An omnibus appropriations package that Congress is slated to vote on later this week contains no funding for the Social Innovation Fund. Barring any last minute changes, this may be the end of the road for this signature evidence-based program.
According to a Politico story about the overall package, it appears likely to be enacted as-is:
The bill clocks in at more than 1,600 pages and Congress must pass it before Friday evening to avert a shutdown, though the bill is likely to pass easily because it contains key boosts to defense and domestic programs viewed by leaders in both parties as vastly preferable to another stopgap measure.
SIF has achieved a number of successes since it was created in 2009. It has also served as a major platform for federal support for pay for success. In the end, however, it was probably too closely associated with President Obama to survive in a Washington controlled by Republicans.
Barring any unforeseen circumstances, the program would likely be forced into wind down mode. The fate of existing SIF-funded projects, all of which had at least some funding from other sources, is less clear.
Other evidence-based initiatives in the appropriations bill fared better:
- Education Innovation and Research (EIR) program: Cut by $20 million from $120 million last year.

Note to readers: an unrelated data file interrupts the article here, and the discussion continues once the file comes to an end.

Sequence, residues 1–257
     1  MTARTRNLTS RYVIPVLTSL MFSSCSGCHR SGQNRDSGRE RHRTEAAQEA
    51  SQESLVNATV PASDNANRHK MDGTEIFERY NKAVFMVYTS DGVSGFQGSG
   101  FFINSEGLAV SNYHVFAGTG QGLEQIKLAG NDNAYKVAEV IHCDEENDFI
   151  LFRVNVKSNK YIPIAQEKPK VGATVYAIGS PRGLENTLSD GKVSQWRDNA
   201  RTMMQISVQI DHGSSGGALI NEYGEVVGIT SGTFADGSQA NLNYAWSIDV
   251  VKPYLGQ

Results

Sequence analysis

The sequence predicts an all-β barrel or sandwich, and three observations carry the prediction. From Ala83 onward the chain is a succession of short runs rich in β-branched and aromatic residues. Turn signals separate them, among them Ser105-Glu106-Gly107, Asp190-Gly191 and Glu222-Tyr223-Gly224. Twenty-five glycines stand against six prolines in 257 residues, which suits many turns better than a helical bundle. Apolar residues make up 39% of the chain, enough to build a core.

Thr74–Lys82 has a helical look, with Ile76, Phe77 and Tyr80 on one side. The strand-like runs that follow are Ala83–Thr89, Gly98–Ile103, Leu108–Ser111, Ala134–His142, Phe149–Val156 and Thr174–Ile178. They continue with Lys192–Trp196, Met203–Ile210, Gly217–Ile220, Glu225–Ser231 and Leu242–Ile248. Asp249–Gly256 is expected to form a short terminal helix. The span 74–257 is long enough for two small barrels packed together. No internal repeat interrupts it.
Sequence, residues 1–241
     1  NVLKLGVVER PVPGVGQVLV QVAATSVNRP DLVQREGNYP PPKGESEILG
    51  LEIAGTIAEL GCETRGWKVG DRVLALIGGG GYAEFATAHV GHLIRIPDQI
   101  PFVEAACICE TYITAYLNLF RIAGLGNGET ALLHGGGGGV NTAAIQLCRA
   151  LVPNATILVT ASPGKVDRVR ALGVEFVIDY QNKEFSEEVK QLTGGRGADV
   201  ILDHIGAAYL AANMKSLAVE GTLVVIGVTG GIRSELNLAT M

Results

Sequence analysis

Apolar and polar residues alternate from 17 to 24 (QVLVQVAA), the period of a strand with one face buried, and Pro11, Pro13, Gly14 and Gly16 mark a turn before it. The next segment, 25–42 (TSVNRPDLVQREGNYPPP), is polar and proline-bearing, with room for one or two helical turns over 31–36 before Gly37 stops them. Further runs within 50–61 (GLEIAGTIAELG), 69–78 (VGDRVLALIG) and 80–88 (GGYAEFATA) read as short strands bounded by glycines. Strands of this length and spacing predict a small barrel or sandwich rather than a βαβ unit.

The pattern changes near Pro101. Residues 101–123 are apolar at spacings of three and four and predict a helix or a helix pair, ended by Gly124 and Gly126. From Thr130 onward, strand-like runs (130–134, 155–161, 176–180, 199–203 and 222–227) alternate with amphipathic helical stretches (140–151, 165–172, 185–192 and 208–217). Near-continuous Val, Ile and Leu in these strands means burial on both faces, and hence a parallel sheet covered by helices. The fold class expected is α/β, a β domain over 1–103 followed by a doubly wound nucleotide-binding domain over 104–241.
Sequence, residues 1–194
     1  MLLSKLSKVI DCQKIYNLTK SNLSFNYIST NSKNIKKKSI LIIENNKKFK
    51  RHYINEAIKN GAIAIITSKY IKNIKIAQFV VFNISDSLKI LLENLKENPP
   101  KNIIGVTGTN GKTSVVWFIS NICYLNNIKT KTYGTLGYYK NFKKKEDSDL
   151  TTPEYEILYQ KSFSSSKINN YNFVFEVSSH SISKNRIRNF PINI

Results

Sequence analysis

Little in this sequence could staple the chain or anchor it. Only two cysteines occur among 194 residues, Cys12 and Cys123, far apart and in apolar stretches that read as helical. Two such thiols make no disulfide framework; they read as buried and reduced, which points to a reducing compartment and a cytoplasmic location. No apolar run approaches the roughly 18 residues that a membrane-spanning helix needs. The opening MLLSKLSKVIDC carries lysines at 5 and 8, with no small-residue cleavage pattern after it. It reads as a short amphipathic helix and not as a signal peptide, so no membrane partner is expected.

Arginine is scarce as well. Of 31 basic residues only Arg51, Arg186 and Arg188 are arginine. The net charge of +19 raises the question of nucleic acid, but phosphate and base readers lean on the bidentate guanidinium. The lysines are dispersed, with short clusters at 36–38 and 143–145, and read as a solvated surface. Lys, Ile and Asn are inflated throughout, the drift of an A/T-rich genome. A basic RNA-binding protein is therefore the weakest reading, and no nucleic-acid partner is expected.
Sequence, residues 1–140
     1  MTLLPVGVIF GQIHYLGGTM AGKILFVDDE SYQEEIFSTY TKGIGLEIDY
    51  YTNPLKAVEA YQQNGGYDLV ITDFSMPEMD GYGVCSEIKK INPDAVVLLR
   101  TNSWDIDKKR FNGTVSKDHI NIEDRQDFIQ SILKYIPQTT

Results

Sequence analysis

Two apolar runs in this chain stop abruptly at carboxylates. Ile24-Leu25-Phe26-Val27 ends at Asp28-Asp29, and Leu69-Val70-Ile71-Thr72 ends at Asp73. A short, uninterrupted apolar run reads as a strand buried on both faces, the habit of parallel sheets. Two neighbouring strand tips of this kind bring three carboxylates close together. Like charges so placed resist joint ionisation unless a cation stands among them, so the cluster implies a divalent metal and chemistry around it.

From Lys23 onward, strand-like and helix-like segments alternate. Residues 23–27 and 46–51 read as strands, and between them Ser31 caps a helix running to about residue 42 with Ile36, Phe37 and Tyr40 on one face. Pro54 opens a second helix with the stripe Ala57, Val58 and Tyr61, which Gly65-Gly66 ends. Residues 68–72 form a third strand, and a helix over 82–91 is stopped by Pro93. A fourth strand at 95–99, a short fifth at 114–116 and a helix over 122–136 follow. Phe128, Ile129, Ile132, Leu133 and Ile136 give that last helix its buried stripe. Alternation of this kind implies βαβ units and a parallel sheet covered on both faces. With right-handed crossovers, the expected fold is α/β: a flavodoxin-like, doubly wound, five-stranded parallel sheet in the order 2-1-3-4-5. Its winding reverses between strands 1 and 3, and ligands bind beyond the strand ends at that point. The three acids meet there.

- Teenage Pregnancy Prevention (TPP) program: Flat-funded at $101 million. The bill provides $6.8 million for an evaluation of the program.
- Performance Partnership Pilots (P3): Authority for this program is continued. Existing pilots are authorized to operate for up to an additional five years.
Trump Administration on Evidence
Despite the disappointing news on SIF, the Trump administration has taken some other positive steps on evidence-based policy. In an April 12 memo from OMB, the White House reaffirmed its commitment to the use of evidence in the budget. Key language from the memo is below:
Build and use a portfolio of evidence to improve effectiveness. Agencies should propose strategies to use limited resources as smartly as possible by asking: what works, for whom, and under what conditions; whether programs are being implemented effectively; and how programs can be improved to produce better results. Evidence may include results from program monitoring and evaluations, performance measures, statistics, and other forms of research and analysis.
The administration’s commitment to evidence may be made more clear in its full budget request for the next fiscal year, which may be coming soon.
Update (5/5/17): The omnibus appropriations bill has been passed and signed into law. The Senate passed it on May 4, sending it on to the president, who signed it into law on May 5.